Supreme Court declines review of Delaware disclosure law, Thomas dissents

Alexandria, VA – The U.S. Supreme Court declined to hear the appeal in Delaware Strong Families v. Denn, which challenged a broad Delaware disclosure law that took effect in 2013. Justice Clarence Thomas wrote a six-page dissent, which is highly unusual when the Court denies review. Justice Samuel Alito also indicated that he would have granted review.

The Center for Competitive Politics (CCP), America’s largest nonprofit defending First Amendment political speech rights, released the following statement in connection with the Court’s decision.

“We are disappointed that the Court declined to hear this important case,” said CCP Legal Director Allen Dickerson, who is representing Delaware Strong Families (DSF) in the case. “We are studying other options that might allow our client to publish this information without violating its supporters’ privacy rights.”

“Eventually the Supreme Court is going to have to decide if Buckley v. Valeo is still good law, or if the government has a right to know about and publicly disclose your affiliations and memberships every time a candidate is mentioned,” said CCP Chairman Bradley Smith, a former Chairman of the Federal Election Commission.

In his dissent, Justice Thomas wrote, “In Buckley v. Valeo, for example, the Court construed a federal disclosure provision to require disclosure only ‘for communications that expressly advocate the election or defeat of a clearly identified candidate’ to ‘insure that the reach of the [federal provision wa]s not impermissibly broad.’ 424 U. S., at 80 (footnote omitted). No one contends that Delaware Strong Families’ voter guide expressly advocates for a particular candidate. Later in McConnell v. Federal Election Comm’n, the Court upheld amended federal disclosure requirements as applied to the electioneering communications of ‘corporations and labor unions . . . fund[ing] broadcast advertisements designed to influence federal elections . . . while concealing their identities from the public’ by ‘hiding behind dubious and misleading names.’ 540 U. S., at 196–197 (internal quotation marks omitted). The record here contains no evidence of such ‘abuse’ or ‘tactics….’”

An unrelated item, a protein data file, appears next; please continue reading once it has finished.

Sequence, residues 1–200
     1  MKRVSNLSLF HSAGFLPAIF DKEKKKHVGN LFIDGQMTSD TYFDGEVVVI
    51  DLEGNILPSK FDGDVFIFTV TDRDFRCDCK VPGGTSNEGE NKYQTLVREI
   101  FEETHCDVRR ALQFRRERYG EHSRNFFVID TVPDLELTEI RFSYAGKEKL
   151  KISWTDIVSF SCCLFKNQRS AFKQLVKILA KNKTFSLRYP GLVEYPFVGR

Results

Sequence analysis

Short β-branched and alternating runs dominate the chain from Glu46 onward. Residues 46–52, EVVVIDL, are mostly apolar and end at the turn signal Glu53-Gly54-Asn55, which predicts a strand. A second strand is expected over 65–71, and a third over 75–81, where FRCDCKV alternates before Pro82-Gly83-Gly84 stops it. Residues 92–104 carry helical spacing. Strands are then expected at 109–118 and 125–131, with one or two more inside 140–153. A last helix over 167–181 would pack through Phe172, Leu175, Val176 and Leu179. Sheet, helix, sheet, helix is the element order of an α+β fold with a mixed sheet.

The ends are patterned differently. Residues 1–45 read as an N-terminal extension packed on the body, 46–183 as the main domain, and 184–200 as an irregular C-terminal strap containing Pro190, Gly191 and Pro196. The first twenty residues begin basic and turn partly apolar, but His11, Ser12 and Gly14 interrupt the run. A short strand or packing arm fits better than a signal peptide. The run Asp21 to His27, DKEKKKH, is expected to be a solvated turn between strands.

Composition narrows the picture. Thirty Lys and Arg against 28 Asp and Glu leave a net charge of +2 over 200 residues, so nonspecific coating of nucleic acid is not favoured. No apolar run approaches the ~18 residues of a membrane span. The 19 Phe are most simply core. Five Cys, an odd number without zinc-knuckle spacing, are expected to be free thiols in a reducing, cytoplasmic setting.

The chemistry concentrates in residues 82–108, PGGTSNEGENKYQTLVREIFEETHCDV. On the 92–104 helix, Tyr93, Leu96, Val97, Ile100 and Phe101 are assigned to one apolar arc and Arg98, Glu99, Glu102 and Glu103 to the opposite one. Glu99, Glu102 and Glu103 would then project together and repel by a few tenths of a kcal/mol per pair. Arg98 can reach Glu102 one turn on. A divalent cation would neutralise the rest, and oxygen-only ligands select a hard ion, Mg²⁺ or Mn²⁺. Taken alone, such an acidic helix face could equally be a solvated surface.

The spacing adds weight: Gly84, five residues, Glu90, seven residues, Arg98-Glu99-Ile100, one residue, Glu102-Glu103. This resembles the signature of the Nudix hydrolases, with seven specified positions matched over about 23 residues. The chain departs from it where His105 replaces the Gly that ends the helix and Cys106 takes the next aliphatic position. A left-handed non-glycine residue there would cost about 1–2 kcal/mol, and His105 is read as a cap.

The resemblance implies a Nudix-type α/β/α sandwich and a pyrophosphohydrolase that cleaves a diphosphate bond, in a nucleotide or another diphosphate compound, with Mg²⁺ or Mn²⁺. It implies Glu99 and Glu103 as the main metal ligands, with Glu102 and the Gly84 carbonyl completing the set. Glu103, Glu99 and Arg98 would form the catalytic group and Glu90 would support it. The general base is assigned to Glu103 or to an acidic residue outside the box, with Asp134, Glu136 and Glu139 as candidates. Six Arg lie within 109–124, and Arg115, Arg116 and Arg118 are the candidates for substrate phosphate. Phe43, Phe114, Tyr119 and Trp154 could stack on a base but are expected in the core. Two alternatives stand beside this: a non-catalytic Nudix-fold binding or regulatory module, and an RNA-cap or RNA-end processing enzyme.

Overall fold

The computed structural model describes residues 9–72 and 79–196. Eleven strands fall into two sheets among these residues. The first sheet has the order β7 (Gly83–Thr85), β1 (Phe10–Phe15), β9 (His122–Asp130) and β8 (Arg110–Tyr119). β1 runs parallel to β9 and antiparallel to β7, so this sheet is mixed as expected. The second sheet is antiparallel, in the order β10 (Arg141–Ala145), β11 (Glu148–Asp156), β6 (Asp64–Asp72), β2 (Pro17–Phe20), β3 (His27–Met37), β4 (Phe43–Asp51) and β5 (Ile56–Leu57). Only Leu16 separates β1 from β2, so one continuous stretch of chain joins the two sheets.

Later, Thomas says, “Even if the Court were to evaluate the Disclosures Act by applying its existing framework, the Delaware scheme sweeps far broader than those the Court has previously considered….[I]f the Court is determined to stand by its ‘exacting scrutiny’ test, then this case is its proving ground. By refusing to review the constitutionality of the Delaware law, the Court sends a strong message that ‘exacting scrutiny’ means no scrutiny at all.”

As CCP noted in its brief to the Supreme Court, “fundamentally, the State’s demand contravenes this Court’s cornerstone campaign finance opinions in Buckley [v. Valeo], McConnell v. FEC, and Citizens United v. FEC. While those cases did uphold limited disclosure against constitutional challenges, they did not grant the government carte blanche. To the contrary, they emphasized that compulsory disclosure is constitutional only in narrow circumstances…[T]he information [Delaware] demands is as likely to mislead the voters as to educate them.”

The Delaware law applies to any group publishing communications, including Internet postings, that merely mention the name of any candidate for Delaware office in the sixty days before an election. Those groups must register with the state and publish the names of every donor giving $100, in aggregate, over a retroactive “election period” that can extend up to four years.

Judge Sue L. Robinson of the United States District Court in Wilmington ruled for DSF, writing that Delaware’s compulsory disclosure law “is so broadly worded as to include within the scope of its disclosure requirements virtually every communication made during the critical time period, no matter how indirect and unrelated it is to the electoral process.” The Third Circuit appeals court, however, overruled that decision, triggering DSF’s petition to the Supreme Court.

The Center for Competitive Politics is now the Institute for Free Speech.